Orthodox christians celebrate christmas on 7 January. This is because they still follow the old Julian calendar, refered to normally as "The Old Calendar" and also 13 days off. The exception being the Greek Orthodox church which switched over to the Gregorian Calendar (The New Calendar) in order to look like a western country. The Orthodox Church in America (OCA) also follows the new calendar. The state within Orthodox countries for the most part followed the old calendar until the communist revolution and soviet expansion. Afterwards both the Julian calendar and christmas were abolished.
An interesting andecote is that the Soviet government tried to subvert christmas by the creation of a character called Grandfather Frost who was an obvious knock off of Santa Claus. This was intended to destroy the meaning behind christmas without destroying the spirt behind it. Ironically, the Orthodox church did the same thing to Pagan Saturnalia.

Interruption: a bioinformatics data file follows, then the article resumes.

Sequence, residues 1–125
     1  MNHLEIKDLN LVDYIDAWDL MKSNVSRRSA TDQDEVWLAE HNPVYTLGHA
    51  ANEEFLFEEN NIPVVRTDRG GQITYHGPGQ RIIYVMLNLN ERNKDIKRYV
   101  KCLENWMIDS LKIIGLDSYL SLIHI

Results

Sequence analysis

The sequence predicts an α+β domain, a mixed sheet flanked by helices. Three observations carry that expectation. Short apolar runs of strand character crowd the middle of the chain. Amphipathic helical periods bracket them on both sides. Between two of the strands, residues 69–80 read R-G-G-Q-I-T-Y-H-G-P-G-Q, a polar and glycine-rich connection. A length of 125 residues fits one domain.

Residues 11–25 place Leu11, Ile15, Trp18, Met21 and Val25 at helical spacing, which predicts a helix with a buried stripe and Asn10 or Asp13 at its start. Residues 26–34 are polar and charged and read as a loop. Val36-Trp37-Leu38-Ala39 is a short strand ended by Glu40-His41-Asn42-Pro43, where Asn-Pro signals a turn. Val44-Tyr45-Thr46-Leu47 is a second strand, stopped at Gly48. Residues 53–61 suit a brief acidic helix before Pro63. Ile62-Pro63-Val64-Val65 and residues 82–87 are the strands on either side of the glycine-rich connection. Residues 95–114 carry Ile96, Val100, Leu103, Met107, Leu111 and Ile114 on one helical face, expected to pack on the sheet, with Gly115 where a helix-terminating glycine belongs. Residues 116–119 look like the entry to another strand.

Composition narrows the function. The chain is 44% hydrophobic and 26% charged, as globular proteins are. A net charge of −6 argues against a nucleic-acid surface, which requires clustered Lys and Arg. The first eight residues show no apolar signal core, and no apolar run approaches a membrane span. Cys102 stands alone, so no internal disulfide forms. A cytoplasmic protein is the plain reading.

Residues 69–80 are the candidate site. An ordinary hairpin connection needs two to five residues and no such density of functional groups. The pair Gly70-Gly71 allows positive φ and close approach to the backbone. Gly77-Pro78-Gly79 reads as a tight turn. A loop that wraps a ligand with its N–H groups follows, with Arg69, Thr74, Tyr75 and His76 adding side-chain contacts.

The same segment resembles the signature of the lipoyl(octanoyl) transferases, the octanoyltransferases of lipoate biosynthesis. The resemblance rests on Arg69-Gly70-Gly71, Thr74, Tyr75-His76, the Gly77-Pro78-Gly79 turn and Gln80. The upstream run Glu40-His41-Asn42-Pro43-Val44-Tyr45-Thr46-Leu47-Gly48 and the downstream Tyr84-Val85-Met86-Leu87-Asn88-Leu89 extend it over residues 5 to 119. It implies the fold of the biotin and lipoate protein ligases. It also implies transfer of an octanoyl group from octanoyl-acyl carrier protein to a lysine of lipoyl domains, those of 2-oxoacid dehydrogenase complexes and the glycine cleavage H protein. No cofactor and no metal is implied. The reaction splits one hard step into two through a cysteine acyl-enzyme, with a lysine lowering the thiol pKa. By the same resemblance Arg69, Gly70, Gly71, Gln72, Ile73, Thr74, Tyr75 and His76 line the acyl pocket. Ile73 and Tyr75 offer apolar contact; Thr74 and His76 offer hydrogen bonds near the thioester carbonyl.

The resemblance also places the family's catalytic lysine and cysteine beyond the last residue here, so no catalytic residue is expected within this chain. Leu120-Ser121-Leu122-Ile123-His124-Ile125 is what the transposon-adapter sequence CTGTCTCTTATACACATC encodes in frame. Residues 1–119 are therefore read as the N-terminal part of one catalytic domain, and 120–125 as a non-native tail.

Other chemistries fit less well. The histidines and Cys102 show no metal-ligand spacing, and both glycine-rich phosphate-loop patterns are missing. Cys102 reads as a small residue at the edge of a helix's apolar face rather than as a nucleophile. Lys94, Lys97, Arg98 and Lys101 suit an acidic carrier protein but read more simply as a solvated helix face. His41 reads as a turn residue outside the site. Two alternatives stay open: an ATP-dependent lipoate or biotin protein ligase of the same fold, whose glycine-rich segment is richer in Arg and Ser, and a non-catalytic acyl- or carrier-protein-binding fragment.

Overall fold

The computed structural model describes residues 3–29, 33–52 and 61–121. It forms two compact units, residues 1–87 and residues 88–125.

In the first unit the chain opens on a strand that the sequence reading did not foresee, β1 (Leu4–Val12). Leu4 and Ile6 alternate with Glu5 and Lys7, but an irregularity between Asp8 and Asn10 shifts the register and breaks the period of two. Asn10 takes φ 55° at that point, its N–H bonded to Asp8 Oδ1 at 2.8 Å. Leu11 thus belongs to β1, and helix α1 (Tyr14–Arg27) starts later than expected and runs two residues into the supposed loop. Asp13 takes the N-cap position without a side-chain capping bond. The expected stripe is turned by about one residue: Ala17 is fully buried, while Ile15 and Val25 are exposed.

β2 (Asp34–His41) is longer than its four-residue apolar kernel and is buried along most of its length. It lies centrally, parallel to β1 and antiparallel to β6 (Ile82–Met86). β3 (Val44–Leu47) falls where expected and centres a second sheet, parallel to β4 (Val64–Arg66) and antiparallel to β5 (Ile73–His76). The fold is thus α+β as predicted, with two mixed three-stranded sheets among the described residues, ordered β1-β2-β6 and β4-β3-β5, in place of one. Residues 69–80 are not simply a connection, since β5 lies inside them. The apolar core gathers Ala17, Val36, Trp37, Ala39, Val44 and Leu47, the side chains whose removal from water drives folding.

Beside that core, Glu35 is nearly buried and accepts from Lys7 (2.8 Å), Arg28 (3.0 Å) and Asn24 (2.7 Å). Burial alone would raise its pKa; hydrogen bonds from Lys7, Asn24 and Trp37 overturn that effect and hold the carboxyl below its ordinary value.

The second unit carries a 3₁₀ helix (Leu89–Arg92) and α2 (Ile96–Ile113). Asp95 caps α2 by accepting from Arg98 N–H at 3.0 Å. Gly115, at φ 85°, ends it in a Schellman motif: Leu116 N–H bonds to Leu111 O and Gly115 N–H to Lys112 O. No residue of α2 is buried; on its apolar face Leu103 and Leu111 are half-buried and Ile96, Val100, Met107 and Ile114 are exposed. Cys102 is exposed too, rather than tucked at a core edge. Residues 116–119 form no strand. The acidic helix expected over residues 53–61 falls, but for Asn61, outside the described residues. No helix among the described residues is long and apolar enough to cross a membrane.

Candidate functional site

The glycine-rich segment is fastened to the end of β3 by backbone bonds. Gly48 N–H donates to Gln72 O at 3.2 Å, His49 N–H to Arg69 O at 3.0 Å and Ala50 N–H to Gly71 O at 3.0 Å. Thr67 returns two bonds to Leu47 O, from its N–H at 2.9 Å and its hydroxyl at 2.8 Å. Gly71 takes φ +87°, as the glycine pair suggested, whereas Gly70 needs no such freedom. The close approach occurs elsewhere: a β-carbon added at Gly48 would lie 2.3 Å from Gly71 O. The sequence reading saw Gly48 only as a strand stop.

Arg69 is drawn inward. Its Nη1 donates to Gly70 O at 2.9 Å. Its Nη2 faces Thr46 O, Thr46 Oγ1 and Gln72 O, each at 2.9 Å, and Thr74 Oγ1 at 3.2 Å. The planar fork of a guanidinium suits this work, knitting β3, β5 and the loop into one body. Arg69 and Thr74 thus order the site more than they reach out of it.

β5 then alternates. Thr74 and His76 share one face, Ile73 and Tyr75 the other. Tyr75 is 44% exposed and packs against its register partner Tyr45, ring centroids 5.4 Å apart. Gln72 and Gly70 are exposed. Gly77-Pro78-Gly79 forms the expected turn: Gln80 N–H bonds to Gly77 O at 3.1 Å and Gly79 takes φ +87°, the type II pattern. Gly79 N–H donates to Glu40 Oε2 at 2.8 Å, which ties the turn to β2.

Within the Orthodox church there has been some controversy about the old and new calendar switches, in the case such things interest you. Needless to say, people'll fight over anything.